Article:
White metal

From Wikipedia, the free encyclopedia

The white metals are a series of often decorative bright metal alloys used as a base for plated silverware, ornaments or novelties, as well as any of several lead-based or tin-based alloys used for things like bearings, jewellery, miniature figures, fusible plugs, some medals and metal type.[1] The term is also used in the antiques trade for an item suspected of being silver, but not hallmarked.

A white metal alloy may include antimony, tin, lead, cadmium, bismuth, and zinc (some of which are quite toxic). Not all of these metals are found in all white metal alloys. Metals are mixed to achieve a desired goal or need. As an example, a base metal for jewellery needs to be castable, polishable, have good flow characteristics, have the ability to cast fine detail without an excessive amount of porosity and cast at between 230 and 300 °C (446 and 572 °F).[1]


In compliance with British law, the British fine art trade uses the term "white metal" in auction catalogues to describe foreign silver items which do not carry British Assay Office hallmarks, but which are nonetheless understood to be silver and are priced accordingly.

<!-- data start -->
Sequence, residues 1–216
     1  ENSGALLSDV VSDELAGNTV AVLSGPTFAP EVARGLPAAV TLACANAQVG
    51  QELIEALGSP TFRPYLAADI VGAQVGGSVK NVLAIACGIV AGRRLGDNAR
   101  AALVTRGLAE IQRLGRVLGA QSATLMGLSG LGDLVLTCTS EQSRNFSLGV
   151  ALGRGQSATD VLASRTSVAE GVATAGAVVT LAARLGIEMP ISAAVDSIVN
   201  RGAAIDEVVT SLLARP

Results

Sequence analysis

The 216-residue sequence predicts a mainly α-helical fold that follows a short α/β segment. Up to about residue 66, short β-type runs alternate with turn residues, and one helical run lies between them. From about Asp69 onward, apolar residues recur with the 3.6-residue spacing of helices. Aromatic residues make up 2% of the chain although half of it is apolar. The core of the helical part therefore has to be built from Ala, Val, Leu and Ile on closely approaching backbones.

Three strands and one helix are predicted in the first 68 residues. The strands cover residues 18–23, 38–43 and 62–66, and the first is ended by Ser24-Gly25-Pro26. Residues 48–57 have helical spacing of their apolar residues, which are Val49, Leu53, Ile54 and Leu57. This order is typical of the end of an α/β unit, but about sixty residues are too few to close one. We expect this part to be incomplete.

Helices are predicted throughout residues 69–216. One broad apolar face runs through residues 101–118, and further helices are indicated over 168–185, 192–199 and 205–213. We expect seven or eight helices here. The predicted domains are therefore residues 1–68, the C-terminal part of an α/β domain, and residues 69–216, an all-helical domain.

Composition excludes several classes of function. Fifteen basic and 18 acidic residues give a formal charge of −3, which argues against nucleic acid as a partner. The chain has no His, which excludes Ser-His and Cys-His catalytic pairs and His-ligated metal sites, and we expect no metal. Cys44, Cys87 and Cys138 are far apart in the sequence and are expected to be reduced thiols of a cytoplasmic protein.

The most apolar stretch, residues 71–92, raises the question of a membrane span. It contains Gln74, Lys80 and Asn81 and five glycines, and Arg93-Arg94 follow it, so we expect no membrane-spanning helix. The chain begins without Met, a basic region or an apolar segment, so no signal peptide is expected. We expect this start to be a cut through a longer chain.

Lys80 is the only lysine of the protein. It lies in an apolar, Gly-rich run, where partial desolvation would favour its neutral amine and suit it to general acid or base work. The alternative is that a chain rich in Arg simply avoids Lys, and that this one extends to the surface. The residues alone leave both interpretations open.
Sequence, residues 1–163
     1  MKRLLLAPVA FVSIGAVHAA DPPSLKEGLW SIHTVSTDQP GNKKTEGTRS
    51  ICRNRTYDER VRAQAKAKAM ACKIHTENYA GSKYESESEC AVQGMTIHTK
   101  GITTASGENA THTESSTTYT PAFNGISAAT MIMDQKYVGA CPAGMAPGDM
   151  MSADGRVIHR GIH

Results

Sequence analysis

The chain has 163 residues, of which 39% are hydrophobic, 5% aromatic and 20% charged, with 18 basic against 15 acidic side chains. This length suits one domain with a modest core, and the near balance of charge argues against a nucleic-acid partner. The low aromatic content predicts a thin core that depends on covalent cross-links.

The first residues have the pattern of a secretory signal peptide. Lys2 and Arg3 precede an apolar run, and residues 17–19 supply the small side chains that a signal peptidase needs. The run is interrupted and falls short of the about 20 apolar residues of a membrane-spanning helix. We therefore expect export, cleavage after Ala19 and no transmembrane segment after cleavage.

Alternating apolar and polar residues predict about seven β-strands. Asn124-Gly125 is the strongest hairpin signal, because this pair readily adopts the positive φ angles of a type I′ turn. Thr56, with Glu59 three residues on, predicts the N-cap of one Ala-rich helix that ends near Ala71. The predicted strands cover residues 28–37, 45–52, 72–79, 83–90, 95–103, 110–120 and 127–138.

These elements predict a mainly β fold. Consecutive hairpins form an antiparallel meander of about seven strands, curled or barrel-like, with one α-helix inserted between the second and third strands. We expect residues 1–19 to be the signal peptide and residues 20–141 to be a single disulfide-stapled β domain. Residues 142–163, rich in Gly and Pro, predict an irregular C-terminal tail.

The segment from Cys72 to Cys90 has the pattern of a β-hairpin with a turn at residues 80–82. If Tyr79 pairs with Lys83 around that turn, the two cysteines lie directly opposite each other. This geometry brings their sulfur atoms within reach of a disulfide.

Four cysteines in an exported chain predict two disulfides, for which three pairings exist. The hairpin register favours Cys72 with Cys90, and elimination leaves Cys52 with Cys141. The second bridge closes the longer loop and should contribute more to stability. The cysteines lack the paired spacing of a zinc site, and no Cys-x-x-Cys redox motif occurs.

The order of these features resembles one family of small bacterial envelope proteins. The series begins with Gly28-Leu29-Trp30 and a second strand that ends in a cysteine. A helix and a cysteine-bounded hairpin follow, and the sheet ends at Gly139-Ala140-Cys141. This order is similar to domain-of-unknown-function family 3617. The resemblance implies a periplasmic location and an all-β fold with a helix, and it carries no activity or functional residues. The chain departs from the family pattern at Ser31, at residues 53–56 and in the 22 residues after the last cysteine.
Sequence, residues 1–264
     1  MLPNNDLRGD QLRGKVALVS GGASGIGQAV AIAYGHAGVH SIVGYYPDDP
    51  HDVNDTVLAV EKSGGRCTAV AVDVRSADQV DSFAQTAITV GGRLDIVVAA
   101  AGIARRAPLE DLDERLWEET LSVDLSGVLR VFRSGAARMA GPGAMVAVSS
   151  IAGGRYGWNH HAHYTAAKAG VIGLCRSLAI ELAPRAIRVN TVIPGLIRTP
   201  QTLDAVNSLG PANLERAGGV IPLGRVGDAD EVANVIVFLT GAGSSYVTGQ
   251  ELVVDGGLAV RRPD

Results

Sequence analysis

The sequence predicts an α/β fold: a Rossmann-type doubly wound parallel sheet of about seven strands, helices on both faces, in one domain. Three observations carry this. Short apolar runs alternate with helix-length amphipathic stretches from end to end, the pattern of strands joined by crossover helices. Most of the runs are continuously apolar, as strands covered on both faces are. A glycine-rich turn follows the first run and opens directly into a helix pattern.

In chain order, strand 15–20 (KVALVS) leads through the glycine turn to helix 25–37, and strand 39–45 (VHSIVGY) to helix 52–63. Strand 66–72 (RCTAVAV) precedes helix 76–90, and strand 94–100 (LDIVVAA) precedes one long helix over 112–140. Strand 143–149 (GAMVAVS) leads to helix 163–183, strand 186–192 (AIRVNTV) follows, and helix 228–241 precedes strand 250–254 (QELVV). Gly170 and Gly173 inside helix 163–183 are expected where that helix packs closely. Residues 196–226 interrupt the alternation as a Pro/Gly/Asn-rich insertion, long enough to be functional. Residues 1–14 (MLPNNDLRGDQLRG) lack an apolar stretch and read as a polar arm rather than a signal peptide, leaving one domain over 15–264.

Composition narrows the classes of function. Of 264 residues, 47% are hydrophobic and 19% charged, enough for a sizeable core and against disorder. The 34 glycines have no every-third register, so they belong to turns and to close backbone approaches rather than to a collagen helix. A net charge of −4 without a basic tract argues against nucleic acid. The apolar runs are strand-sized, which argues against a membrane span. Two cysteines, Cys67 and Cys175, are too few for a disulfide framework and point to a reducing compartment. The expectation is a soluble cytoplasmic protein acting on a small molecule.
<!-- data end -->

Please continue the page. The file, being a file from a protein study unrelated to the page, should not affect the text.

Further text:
Tin-lead and tin-copper alloys[edit]

Bars and ingots of Babbitt metal

Tin-lead and tin-copper alloys such as Babbitt metal[2] have a low melting point, which is ideal for use as solder, but these alloys also have ideal characteristics for plain bearings. Most importantly for bearings, the material should be hard and wear-resistant and have a low coefficient of friction. It must also be shock-resistant, tough and sufficiently ductile to allow for slight misalignment prior to running-in.

Pure metals are soft, tough and ductile with a high coefficient of friction. Intermetallic compounds are hard and wear-resistant but brittle. By themselves, these do not make ideal bearing materials.

Alloys consist of small particles of a hard compound embedded in the tough, ductile background of a solid solution. In service the latter can wear away slightly, leaving the hard compound to carry the load. This wear also provides channels to allow in lubricant (oils). All bearing metals contain antimony (Sb), which forms hard cubic crystals.

% Sn % Sb % Cu % Pb Applications
93 3.5 3.5 Light and medium internal combustion engine big-end bearings
86 10.5 3.5 Light and medium internal combustion engine main bearings
80 11 3.0 6.0 General-purpose heavy bearings (lead increases plasticity)
60 10 28.5 1.5 Heavy-duty marine engine bearings, electrical machines
40 10 1.5 48.5 Low-cost, general-purpose, medium-duty bearings

See also[edit]


  1. ^ a b "White Metals". Belmont Metals. Retrieved April 18, 2021.
  2. ^ US patent 1252, Isaac Babbitt, "Mode of making boxes for axles and gudgeons", issued 17 Jul 1839 .